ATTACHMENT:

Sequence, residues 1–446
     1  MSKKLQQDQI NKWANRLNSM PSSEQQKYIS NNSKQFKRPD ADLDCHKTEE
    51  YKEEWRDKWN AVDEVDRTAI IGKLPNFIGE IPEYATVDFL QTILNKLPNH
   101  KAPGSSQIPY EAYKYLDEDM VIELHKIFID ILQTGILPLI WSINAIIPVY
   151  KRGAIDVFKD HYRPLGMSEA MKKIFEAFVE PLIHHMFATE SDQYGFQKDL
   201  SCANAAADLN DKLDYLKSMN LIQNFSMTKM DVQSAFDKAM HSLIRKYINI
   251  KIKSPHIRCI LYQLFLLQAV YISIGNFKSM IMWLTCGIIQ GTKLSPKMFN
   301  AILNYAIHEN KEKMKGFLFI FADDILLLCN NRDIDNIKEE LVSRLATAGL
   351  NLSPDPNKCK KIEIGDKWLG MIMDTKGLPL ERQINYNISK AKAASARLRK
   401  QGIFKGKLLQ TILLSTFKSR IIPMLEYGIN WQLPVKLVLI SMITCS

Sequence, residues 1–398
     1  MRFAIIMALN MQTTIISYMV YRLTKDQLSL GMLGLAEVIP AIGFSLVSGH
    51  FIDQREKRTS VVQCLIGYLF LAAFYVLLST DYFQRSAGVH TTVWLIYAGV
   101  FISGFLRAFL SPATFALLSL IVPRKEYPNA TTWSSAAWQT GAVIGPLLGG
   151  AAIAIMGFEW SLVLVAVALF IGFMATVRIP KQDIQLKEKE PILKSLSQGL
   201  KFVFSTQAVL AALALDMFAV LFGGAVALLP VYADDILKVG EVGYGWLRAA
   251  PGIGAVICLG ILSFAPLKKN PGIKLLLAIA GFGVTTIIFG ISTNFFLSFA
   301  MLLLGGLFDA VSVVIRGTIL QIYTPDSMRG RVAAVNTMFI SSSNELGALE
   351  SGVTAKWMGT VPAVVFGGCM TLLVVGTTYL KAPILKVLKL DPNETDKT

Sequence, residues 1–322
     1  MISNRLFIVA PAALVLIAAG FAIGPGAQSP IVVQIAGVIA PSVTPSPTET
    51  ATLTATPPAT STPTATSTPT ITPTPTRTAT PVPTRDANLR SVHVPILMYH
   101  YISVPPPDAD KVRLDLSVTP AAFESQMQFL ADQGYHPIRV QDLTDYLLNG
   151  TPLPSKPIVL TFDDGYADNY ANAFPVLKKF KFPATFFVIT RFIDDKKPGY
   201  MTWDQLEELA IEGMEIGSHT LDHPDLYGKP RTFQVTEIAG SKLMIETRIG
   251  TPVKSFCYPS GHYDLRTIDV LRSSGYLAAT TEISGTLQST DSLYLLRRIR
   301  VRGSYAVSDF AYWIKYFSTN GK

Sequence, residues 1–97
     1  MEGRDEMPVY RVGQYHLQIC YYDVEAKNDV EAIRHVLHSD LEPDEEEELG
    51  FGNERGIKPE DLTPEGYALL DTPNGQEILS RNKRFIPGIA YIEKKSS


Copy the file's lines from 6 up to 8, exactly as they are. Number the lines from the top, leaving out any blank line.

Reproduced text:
   201  SCANAAADLN DKLDYLKSMN LIQNFSMTKM DVQSAFDKAM HSLIRKYINI
   251  KIKSPHIRCI LYQLFLLQAV YISIGNFKSM IMWLTCGIIQ GTKLSPKMFN
   301  AILNYAIHEN KEKMKGFLFI FADDILLLCN NRDIDNIKEE LVSRLATAGL